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Liverpool are desperate to solve their goalkeeper problem. Lorus Karius took time to displace an unconvincing Simon Mignolet in the starting line-up and, just when he’d managed it, the Champions League final happened.
That Jürgen Klopp is in for another goalkeeper is probably less of a direct response to that performance and more it spurring them into action that was always on their to-do list.
First Roma’s Alisson Becker was a Jirí Pavlenka.
Who is Jasper Cillessen?
Cillesen is Barcelona’s back-up goalkeeper, making just two league appearances in his two-year stint at the club. If you’ve watched him play in the last few years then, it’s more likely to have been in the colours of Ajax, where he was from 2011 to 2016, or the Netherlands.
He was their first-choice keeper at the 2014 World Cup, replaced by Tim Krul in extra time for the penalty shoot-out against Costa Rica. Who knows whether Cillessen would have pulled it out of the bag, but he was expecting that he would need to – he didn’t know about Louis van Gaal’s plan until it happened.
He moved to Ajax from NEC Nijmagen, where he’d spent much of his youth career, in 2011 and become De Godenzonen's first choice in 2013/14, winning three Eredivisie titles between 2012 and 2014 before following in the footsteps of many Dutch players by moving to Barça.
What are Jasper Cillessen’s main strengths?
The words ‘good feet for a big man’ don’t do justice to Cillessen’s on-ball ability.
When he signed for Barcelona, the club website boasted that he was a goalkeeper who “possesses qualities that fit in perfectly with the club's philosophy”, and they were right.
Stick Andrés Iniesta in a pair of goalie gloves, standing in the six-yard box, and he’d struggle to hit some of the passes that Cillessen makes.
Below is Cillessen for the Netherlands, just tapping the ball forwards to roll ever so slightly out of his 18-yard box.
And below is where the very nicely arced ball ends up, perfectly weighted and flighted for the player to bring down easily.
While it's hard to read too much into his numbers given he played so infrequently, Cillessen picked up nine outings for 810 minutes in last season's Copa del Rey and his average of 15.88 accurate passes per 90 was the the eighth-most in the competition.
What are Jasper Cillessen’s main weaknesses?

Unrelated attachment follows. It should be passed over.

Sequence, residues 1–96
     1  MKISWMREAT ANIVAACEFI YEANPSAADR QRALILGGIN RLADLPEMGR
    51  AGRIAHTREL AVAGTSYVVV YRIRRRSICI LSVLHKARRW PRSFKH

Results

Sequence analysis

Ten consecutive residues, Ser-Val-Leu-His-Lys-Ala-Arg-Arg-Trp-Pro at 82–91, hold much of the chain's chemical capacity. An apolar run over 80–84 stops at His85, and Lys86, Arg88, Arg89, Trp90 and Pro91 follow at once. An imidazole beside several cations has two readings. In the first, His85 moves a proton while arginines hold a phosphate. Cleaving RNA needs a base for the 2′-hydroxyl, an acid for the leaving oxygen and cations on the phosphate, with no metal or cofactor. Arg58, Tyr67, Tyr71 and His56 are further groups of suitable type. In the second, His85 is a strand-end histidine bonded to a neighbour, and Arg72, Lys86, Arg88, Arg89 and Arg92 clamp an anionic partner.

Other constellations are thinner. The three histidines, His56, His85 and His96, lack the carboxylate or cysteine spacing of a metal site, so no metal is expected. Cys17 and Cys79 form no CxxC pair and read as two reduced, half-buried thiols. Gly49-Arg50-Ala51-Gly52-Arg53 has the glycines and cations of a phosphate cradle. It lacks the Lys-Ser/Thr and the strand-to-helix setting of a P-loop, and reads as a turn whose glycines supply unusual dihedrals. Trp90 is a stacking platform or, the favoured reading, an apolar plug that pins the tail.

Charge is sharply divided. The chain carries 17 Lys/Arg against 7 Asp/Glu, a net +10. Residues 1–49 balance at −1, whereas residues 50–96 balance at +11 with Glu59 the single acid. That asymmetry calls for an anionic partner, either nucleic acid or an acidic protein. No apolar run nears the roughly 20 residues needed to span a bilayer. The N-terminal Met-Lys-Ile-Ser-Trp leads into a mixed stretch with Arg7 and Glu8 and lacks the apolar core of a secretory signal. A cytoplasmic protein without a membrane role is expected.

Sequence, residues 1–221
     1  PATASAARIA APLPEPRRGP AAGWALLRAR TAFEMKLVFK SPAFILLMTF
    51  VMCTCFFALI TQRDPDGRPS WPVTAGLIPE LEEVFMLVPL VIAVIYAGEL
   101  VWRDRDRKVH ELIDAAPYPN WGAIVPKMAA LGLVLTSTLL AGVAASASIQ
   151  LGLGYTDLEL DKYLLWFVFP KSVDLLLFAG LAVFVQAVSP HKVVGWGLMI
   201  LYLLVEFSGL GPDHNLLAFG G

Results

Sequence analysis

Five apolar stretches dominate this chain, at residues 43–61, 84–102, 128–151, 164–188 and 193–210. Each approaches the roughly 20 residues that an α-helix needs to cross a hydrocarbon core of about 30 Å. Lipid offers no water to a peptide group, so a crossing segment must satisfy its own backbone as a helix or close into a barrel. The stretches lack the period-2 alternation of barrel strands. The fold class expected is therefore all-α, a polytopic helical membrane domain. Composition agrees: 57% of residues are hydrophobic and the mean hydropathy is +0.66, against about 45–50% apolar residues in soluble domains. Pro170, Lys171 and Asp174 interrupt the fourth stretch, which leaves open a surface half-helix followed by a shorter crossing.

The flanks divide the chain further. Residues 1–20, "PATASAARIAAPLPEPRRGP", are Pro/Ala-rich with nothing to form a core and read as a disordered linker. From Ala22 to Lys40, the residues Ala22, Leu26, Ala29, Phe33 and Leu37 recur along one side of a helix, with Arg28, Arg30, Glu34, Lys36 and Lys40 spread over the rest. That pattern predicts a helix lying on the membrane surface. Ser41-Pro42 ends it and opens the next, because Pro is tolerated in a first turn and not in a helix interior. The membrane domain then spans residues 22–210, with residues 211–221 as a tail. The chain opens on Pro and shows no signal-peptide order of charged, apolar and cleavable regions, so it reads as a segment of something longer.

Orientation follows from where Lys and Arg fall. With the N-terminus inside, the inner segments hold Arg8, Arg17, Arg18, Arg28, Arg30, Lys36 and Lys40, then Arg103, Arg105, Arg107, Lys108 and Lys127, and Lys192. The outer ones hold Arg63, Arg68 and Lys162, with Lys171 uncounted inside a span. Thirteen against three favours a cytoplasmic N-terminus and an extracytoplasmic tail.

There were theories, after the Krul substitution in 2014, that Cillessen is abnormally bad at saving penalties. At the time, he had faced 18 and saved none.
An article shortly after argued the statistical case in defence of Cillessen, that the goalkeeper could still be an average penalty-saver and his record just a quirk of of fate. Since then, he’s faced nine – six have been scored, three have been missed (in one way or another).
Rumours of Cillessen’s spot-kick deficiencies were probably over-played, then, but he’s surely not a good penalty goalkeeper with that record.
Cillessen – and Liverpool fans may well wince here – is also not the best with his hands. More than one online ‘highlight’ reel features saves that come after he has spilled an initial shot.
Credit to him for having the reflexes to make the second save, but the fact that the initial efforts are spilled or parried into danger is a worry.
How much would Jasper Cillessen cost?
Up until recently, it appeared as though buying Cillessen would set back a club €60million. Barcelona might not like him enough to play him regularly, but they like him enough to price everyone else out of the market.
However, in the past few weeks it has been reported that Barça have slashed the price in half to €30million, a much more reasonable fee and one which would put him at the cheaper end of the price range among the keepers the Reds are reportedly keen on.
Should Liverpool buy him?
With Manchester City having used Ederson’s ball-playing ability to make goal kicks such a danger, Liverpool could well be planning to follow suit. Mohamed Salah and Sadio Mané's speed up the pitch could make Liverpool a real danger to opponents’ back-lines at any stage of the match.
On the actual goalkeeping front, Cillessen may not be the significant upgrade that the club are looking for. He may well be better than Karius and Mignolet – but then again, he might not be. It’s not a certainty.
But the marginal improvement that he might bring along with the ball-playing ability that he definitely brings, might make a cut-price deal worth it.